Olly Wilson’s Lumina began the February 12th concert. Flashier than the Saariaho which appeared weeks before, it too suffered from modest conviction. It would have been grand to have heard Lumina repeated. Szymanowski’s First violin concerto is an intricate glowing ember, keeping the soloist busy across a single multi-part movement like the Wilson which preceded it. There was more conviction, but features were blurred

Copland’s Third Symphony anchored this program (the composer preferred “Third Symphony” as a title over “Symphony No. 3”). I suspect after a predominantly unfamiliar first half, everyone anxiously awaited the appearance of the Fanfare. Copland would be less of a miniaturist than Wilson and Szymanowski, and so the symphony fared well under Andris Nelsons’ leadership.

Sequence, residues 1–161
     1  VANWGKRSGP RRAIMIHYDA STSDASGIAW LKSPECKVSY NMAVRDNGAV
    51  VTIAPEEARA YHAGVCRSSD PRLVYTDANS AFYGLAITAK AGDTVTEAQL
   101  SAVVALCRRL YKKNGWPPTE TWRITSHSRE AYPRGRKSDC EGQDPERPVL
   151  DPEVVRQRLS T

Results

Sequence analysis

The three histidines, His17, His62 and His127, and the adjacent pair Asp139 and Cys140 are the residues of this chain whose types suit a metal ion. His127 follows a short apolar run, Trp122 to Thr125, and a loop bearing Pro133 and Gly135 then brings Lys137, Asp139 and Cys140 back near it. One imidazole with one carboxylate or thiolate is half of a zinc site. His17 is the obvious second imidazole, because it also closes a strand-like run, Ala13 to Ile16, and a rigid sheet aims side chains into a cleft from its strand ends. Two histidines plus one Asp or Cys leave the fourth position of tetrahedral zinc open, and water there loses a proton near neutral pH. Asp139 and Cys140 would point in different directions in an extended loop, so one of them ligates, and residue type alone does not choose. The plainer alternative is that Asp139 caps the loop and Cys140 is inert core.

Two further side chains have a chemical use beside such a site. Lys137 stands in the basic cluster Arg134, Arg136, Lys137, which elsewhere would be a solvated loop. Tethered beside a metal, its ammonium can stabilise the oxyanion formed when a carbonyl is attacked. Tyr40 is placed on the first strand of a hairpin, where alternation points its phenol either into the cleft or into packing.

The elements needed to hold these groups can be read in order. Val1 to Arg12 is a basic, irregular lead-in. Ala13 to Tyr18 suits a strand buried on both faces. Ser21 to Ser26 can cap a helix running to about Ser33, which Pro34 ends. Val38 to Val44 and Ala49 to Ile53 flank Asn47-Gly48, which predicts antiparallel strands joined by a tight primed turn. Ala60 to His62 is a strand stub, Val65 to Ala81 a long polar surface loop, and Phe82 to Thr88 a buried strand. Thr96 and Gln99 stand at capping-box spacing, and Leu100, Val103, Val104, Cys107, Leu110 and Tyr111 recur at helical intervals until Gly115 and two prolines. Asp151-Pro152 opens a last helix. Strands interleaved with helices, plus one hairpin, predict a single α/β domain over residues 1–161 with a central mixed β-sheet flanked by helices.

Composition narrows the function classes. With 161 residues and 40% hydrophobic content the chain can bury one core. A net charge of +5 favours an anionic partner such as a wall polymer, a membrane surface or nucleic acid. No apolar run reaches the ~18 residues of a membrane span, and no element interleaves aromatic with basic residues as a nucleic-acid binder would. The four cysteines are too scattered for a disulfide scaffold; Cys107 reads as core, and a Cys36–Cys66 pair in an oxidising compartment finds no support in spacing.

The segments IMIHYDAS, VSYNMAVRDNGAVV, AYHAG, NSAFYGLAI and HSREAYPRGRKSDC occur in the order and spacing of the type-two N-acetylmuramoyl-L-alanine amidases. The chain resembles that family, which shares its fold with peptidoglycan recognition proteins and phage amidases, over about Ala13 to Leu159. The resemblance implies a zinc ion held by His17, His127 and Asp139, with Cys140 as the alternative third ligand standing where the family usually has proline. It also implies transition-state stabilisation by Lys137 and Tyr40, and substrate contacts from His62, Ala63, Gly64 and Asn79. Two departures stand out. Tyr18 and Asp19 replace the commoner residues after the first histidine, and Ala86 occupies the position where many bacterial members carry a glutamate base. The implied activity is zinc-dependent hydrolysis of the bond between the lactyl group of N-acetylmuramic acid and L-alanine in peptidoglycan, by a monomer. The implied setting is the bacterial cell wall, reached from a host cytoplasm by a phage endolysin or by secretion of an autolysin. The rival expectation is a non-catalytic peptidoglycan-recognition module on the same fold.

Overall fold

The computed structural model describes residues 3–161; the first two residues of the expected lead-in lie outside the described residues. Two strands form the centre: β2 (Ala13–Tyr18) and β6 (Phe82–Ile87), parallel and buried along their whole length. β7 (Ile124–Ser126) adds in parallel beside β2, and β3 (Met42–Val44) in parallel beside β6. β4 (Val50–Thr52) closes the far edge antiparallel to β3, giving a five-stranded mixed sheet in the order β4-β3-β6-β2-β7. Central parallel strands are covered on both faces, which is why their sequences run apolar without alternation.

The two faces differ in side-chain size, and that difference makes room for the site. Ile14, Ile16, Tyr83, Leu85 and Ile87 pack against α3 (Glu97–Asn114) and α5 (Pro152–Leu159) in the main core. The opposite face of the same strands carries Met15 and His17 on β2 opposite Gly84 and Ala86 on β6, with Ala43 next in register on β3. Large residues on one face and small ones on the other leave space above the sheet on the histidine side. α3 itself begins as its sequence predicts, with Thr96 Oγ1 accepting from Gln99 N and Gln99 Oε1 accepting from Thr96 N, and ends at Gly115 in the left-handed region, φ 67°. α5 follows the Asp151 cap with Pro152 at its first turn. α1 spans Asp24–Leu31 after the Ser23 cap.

It’s worth noting that Copland’s Third was written for the BSO, and the audience was asked to keep the noise down as they were making a recording. This might explain why the Third had more presence than either the Wilson or Szymanowski.

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New music will not fill the hall, but popular classics will. Thus, the most familiar can be offset by the obscure. I generally pick concerts with contemporary pieces. Whether familiar to me or not, I prefer new stuff over most anything else. The rest of the audience is probably there because they like the soloist, concerto or symphony. However, I am doubly pleased when the concert is balanced.

[Sir Andrew Davis with Alessio Bax, photo by Hilary Scott; John Harbison with Sir Andrew Davis, photo by Hilary Scott; Kaija Saariaho with John Storgårds, photo by Robert Torres; Lisa Batiashvili with Andris Nelsons, photo by Winslow Townson; Andris Nelsons, photo by Winslow Townson.]